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Review: The Impossible Knife of Memory by Laurie Halse Anderson

Title: The Impossible Knife of Memory
Author: Laurie Halse Anderson
Year Published: 2014

Genre: YA fiction
Pages: 391
Rating: 5 out of 5

Location (my 2014 Google Reading map): USA (NY)

FTC Disclosure: I borrowed this book from my school library

Summary (from the inside flap of the book): For the past five years, Hayley Kincain and her father, Andy, have been on the road, trying to outrun the memories that haunt them both. They moved back to Andy's hometown to try a "normal" life, but the horrors he saw in the war threaten to destroy their lives. Hayley watches, helpless, as her father turns to drugs and alcohol to silence his demons. How do you keep your father alive when death is stalking him? What are you supposed to do when your parent stops acting like an adult? And what happens if a sweet guy who can make you laugh barges his way into your world and for the first time, you find yourself thinking about the future?

Review: Laurie Halse Anderson is incredible. She has done it again: written a book that sucks me in, makes me believe it's real, brings emotions to the front, and all with good writing.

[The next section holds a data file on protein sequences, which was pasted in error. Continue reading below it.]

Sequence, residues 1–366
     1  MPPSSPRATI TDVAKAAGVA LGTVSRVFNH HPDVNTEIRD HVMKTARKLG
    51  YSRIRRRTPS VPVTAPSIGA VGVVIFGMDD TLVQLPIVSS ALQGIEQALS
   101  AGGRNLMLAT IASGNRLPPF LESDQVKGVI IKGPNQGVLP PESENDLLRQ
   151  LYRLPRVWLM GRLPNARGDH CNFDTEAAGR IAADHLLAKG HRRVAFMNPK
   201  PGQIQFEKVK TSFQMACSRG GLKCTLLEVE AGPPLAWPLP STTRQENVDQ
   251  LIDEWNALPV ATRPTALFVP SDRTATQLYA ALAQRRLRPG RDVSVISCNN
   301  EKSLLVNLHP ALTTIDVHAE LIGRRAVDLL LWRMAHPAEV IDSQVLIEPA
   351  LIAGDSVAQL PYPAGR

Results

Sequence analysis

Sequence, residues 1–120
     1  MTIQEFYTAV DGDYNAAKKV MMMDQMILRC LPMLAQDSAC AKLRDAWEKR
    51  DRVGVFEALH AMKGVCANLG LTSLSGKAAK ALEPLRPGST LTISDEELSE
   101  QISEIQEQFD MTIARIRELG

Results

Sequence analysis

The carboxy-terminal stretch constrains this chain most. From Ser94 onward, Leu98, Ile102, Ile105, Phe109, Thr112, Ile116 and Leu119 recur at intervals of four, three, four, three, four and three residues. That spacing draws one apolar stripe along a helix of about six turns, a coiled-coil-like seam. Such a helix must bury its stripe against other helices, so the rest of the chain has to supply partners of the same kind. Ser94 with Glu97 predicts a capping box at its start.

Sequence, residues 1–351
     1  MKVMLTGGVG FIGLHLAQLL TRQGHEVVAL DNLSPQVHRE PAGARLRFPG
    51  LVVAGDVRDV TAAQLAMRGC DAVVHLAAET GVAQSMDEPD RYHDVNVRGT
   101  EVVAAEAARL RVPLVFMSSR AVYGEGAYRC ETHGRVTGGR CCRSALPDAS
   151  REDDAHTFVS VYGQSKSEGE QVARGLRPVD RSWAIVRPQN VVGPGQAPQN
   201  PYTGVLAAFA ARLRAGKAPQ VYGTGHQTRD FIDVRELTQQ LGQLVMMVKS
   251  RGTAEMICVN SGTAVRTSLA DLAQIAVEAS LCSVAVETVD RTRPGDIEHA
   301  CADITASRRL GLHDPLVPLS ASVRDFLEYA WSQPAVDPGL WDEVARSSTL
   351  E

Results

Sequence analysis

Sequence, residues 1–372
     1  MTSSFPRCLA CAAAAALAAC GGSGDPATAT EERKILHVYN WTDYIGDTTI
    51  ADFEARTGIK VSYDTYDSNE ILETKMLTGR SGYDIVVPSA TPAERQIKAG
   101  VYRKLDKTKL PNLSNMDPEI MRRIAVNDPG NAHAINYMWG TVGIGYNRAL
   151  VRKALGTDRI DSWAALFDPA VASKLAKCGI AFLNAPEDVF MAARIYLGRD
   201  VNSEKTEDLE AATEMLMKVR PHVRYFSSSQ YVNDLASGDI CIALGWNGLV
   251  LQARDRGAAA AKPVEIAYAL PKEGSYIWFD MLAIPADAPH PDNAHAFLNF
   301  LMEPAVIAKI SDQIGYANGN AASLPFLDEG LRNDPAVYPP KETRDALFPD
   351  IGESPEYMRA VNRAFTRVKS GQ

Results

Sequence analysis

I have read her other books: Winter Girls,  Twisted, Speak, Catalyst, and Fever 1793 (most of which I read before I was blogging) and have loved every single one of them. She has a way of creating characters and situations that are so real, so raw, that really make the stop and think about things. And even if the characters are nothing like me, I can relate to them and understand them. She also manages to write about really depressing things without depressing the reader.

Hayley is barely holding it together and it shows. She isn't good at pretending it's all okay, she isn't doing well in school, she isn't being a very good friend, and she really doesn't care. But I don't dislike her. She is like so many students who have all this crap at home and getting to school and doing well just isn't a priority. How do we help these kids? Luckily Hayley has people who care enough to push her along. What I liked is that none of them solves anything for Hayley, they just keep popping up in her life, checking in and carrying her along. Hayley has to figure things out for herself. Her dad certainly isn't going to make things better.

PTSD is at the heart of this book. Andy Kincain is a vet (probably of Iraq) who isn't doing well. Drugs and alcohol seem like solutions some of the time, but mostly things just aren't working for him. And he doesn't have a solution. I liked that he wasn't doing badly all the time. He'd hold it together, get a job, stay sober, then slip. Very realistic and such an important issue to bring out in the open in YA literature.

Overall this book is so well done. I highly recommend it to adults and teens.

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